Relevance of ASPEN-Mars to Mission Development and Planning
The ASPEN-Mars model will contribute several important components to any Mars aeronomy mission.
3.1 ASPEN-Mars and Instrument Design
The completeness of the ASPEN-Mars parameter space means that instrument concepts can be tested using the ASPEN-Mars model output. For example, ASPEN-Mars can provide reasonable estimates of temperatures, winds, and composition and their distribution with latitude, longitude, and local time, together with their variation as a function of season and solar cycle. Such studies are vital for remote sensing instruments, which must be designed for both benign and extreme conditions. In particular, gradients in the parameter to be measured can degrade the performance of the remote sensing instrument. ASPEN-Mars provides 3-D distributions, with vertical and horizontal gradients that can be fed into remote sensing algorithms and used to guide instrument design, and to define performance expectations with error bars before the instrument leaves the drawing board. This is applicable to all wavelengths from IR to UV, and to both occultation and emission measurements.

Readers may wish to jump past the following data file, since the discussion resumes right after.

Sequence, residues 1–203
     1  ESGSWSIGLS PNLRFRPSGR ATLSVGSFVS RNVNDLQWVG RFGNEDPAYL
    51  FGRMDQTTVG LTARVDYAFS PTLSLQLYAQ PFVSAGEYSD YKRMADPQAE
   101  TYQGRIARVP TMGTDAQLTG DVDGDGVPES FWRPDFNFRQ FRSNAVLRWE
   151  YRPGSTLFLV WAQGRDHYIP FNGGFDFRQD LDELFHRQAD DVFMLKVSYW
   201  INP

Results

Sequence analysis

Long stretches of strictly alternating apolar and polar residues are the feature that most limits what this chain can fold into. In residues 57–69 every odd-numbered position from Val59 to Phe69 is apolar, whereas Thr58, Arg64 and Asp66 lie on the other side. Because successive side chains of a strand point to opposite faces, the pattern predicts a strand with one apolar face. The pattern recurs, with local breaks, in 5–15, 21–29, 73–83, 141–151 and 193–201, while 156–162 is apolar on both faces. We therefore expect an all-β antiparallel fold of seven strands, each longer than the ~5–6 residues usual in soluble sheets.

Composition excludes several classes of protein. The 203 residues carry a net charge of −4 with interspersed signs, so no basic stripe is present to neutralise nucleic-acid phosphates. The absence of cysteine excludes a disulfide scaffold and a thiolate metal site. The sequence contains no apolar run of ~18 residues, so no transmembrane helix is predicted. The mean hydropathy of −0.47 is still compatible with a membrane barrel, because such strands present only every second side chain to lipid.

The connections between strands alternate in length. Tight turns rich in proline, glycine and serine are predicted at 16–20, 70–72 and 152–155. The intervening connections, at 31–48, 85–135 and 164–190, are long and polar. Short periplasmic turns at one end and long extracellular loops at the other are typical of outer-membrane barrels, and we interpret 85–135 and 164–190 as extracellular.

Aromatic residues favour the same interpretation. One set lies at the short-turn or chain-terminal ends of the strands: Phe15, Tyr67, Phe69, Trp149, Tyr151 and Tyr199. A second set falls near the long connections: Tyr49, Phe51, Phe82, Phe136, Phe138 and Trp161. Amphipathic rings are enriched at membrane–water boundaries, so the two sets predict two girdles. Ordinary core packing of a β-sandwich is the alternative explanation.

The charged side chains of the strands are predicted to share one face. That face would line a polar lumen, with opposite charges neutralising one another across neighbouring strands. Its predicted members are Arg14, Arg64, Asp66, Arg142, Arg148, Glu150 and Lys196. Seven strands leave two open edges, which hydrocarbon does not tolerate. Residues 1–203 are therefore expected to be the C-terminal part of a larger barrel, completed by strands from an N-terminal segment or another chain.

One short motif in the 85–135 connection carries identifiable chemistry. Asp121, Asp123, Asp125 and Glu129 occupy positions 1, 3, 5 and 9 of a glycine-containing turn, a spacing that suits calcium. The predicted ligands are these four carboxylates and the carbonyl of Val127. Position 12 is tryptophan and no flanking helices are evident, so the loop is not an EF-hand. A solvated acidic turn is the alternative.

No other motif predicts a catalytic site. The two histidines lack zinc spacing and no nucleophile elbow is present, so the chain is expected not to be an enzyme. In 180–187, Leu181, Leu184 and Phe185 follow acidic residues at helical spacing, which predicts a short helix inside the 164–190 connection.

3.2 ASPEN-Mars and Mission Design
An important part of mission design is to anticipate the different phases of the mission, and to define a minimum set of success criteria. The ASPEN-Mars model provides global distributions of density and other parameters for any conditions, which can be used to define aerobraking and later phases of the mission. It can also provide guidance on where certain measurements can be expected to be successful, versus where signals may be too weak, either from lack of sunlight, or small concentrations of emitting species. Using the model, different mission scenarios can be explored well in advance, thus reducing risk to the mission success.